Pricewatch reader queries: Pressurising the banks can pay off

One Bank of Ireland customer saved €700 in mortgage interest payments last year after pushing his case; and the weird world of bonus protection

Paul from Dublin has been in touch with a story we think is instructive. He says he succeeded in persuading Bank of Ireland to reduce the interest rate on his mortgage, thereby saving himself more than €700 in interest payments this year alone.

“All borrowers on standard variable rate mortgages should be pressurising their lenders to reduce the rate,” he says. “I’ve been with BoI over 30 years, since I was student, but I’m sick of paying penal mortgage rates. The cost of borrowing money is minuscule at the moment, yet the bank was charging me 4 per cent.”

This was based on what Paul says was “a completely false loan-to-value calculation, because the original loan sum included bridging finance, which was paid back within months, when the sale of our old house went through”.

The money borrowed was used to refurbish his house, thereby increasing its value. “So our loan-to-value is less than 25 per cent,” he says, “but this wasn’t reflected in the mortgage interest rate. KBC Bank were offering 3.75 per cent, plus a further 0.2 per cent reduction if I moved my current account.


“It’s a big inconvenience to move, but I was prepared to do so in view of the long-term savings to be made over the remaining 15 years on the mortgage.

“But first I rang Bank of Ireland and told them I intended moving. I expressed my dismay that I was being treated so badly after so many years as a loyal customer. I made it clear my LTV was far lower than they were giving me credit for. I threatened to move my current account as well.

“To be fair to the bank, they came back and knocked 0.3 per cent off my rate, without requiring a house valuation.

Paul believed that was still too high, and he pressed for a further improvement. “But they wouldn’t budge. They have presumably calculated I’m less likely to go to the trouble of moving for the sake of a further 0.15 per cent improvement over at KBC,” because you have to employ a solicitor to do the legal work and obtain a valuation.

Paul is mad as hell about the high standard variable rates that people are paying. “I’m angry that we are paying the cost of recapitalising Bank of Ireland. If the Government wanted to find one thing that would help it regain popularity, it would be to pressurise the banks to lower their rates; this would be worth far more in our pockets than the cost of any water charges. But my experience shows that consumers also need to put more pressure on the banks by threatening to switch their business.”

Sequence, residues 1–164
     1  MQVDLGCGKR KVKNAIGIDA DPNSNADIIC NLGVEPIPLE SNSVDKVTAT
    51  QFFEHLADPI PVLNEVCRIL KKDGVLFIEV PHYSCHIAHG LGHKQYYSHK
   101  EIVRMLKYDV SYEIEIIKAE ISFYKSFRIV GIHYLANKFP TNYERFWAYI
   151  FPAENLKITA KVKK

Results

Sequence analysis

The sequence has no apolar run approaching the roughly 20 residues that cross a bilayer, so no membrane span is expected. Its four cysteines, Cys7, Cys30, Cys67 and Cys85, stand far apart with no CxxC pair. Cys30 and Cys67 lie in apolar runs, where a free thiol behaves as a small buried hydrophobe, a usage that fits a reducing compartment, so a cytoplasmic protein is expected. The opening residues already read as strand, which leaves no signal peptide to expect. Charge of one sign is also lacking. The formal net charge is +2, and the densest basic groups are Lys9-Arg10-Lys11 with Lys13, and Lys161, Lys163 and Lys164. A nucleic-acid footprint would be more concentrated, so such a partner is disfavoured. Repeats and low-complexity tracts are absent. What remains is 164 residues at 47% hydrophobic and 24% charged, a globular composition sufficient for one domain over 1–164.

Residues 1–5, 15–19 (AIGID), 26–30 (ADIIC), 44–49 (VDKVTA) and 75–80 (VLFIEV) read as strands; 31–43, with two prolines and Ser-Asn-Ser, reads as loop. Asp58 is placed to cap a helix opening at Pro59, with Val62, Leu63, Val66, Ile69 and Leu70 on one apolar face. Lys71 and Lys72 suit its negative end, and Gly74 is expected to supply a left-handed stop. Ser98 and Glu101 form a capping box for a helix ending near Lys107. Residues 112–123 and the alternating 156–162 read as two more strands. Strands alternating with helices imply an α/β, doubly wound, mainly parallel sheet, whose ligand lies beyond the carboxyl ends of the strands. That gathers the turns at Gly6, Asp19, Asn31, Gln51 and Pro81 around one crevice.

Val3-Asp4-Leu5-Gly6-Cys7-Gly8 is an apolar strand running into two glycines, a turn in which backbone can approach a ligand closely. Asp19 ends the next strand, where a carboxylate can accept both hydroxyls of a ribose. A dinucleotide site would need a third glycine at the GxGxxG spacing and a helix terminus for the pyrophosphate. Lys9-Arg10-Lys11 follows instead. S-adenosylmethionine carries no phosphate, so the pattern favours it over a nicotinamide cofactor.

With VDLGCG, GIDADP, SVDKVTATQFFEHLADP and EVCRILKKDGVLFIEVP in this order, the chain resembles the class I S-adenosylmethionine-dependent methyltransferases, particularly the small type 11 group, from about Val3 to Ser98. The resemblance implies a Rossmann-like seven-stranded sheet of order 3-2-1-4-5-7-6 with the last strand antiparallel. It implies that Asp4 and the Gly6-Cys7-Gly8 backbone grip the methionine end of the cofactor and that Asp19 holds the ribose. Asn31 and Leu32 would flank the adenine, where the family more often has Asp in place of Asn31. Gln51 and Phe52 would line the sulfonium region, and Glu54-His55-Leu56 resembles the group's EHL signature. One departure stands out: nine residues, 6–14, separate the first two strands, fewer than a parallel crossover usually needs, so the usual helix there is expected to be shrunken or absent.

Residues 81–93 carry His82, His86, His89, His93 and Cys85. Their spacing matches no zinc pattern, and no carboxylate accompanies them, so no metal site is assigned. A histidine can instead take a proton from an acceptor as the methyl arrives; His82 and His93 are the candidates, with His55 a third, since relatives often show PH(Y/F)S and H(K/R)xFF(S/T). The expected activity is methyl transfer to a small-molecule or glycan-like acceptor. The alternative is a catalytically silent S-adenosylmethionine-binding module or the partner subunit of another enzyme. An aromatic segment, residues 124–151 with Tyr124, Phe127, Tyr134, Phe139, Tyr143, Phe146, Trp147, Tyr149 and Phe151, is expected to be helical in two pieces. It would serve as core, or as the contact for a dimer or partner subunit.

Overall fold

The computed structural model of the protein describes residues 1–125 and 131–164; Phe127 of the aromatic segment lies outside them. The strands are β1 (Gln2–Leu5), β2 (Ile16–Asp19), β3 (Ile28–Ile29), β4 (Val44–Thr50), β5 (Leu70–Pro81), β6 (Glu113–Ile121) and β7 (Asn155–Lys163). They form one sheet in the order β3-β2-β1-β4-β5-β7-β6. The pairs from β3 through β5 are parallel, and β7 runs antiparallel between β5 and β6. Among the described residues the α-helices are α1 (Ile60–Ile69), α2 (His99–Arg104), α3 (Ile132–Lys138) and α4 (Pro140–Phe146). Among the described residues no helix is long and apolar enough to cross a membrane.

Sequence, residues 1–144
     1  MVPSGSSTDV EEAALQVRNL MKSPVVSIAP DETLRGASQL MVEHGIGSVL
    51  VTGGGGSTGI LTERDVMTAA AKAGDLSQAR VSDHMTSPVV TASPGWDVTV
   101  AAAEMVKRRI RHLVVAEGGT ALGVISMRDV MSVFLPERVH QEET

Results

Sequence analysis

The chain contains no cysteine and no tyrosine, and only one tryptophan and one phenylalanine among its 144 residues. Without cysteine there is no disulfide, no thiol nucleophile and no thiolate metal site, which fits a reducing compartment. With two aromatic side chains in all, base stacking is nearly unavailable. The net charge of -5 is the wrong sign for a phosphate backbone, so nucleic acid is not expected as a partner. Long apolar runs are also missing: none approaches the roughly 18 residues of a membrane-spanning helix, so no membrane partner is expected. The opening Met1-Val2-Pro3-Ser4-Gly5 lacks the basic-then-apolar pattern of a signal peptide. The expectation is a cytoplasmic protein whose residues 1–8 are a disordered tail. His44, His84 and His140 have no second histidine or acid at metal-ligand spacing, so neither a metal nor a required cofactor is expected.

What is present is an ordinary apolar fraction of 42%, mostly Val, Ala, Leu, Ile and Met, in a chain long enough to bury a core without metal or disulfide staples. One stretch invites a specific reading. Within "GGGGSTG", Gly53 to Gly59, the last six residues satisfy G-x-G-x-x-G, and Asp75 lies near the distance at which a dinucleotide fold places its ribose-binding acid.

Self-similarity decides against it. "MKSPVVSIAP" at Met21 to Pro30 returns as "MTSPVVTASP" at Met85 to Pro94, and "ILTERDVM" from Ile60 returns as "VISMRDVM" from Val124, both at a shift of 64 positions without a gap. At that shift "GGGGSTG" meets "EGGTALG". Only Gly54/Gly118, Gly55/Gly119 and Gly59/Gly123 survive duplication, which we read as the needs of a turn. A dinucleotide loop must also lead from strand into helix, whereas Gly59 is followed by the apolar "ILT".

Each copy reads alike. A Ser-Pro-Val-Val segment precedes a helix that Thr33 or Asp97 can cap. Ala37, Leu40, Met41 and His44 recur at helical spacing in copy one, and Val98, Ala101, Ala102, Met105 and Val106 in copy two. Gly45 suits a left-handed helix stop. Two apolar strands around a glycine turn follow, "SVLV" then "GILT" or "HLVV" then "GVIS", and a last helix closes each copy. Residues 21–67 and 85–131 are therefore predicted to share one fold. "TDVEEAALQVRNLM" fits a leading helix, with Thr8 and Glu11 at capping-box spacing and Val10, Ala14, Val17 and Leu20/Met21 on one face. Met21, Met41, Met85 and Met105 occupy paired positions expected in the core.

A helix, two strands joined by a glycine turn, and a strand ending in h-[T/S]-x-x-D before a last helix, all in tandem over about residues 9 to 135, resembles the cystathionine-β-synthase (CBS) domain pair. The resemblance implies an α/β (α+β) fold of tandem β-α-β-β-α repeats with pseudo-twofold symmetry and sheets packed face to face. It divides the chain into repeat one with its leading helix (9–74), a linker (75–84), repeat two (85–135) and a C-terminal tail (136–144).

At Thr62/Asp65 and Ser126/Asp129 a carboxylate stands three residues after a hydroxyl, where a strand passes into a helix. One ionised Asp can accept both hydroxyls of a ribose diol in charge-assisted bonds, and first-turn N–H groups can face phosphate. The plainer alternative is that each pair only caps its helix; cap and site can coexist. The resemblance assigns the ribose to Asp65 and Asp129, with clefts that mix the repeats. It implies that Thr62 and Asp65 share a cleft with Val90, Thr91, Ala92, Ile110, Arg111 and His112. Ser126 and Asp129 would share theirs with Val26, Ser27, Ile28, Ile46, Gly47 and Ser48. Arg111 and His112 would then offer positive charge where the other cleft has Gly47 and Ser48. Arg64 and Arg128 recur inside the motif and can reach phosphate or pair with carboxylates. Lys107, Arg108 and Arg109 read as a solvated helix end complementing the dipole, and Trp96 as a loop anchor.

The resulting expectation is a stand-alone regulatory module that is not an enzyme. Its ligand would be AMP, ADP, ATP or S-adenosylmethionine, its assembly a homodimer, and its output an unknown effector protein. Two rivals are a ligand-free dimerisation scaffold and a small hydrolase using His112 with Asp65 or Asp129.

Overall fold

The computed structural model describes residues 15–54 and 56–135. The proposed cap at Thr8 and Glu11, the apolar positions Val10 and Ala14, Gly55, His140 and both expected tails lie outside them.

When bonus protection doesn’t add up

A reader call Tim is baffled. He has car insurance with Allianz Direct, which is selling a product called Bonus Protection. “Essentially, this is an insurance policy that insures your no-claims bonus. So in the event of a claim, the anticipation is that you don’t have a related increase in your insurance policy the next year,” he explains.

“I got a knock in the supermarket car park on Wednesday so called Allianz about claiming. I explained my bonus protection scheme.

They told him “it was important I know how bonus protection worked. He said it did not mean a crash was not considered in next year’s premiums, as most people think. In other words, a claim will be included in the calculation of next year’s premium, even if you have bonus protection insurance.”

Tim was given an example. He was told that if the “base rate” for car insurance was €1,000 and you have a 60 per cent no-claims discount, your policy should cost, without extras, €400. “Next year, as a result of your claim, your policy might rise to €2,000, but, because your bonus is protected at 60 per cent, the 60 per cent still applies. So on a €2,000 policy, you pay €800.”

He then found out that he is allowed one claim every three years under the bonus protection scheme. “But the scheme is renewed annually at a cost of about €60. So what am I paying for in year two and three, if I can’t claim – or is the real cost of bonus protection €180?”

He then does the maths. “If the cost of repair is about €500, and I have a €250 excess, then I pay €250 plus the bonus protection payment in year two and three, which adds €120, bringing my contribution to the €500 repair bill to €370, plus a potential doubling of my insurance costs next year. My insurance costs are about €360 per year, which means that in order to get the insurance to pay the €500 repair bill, it could cost me €360, plus €370 – a total of €730 to have the insurance pay the €500 repair bill, plus additional costs.

We contacted Allianz, and a spokesman said “bonus protection” was not “premium protection”.

“Where ‘no-claims bonus protection’ cover has been opted for, the value of the bonus or ‘discount’ to be applied remains intact, but the underlining premium can change if the driver has an accident.” The spokesman suggested our reader contact the Financial Ombudsman if he was not happy.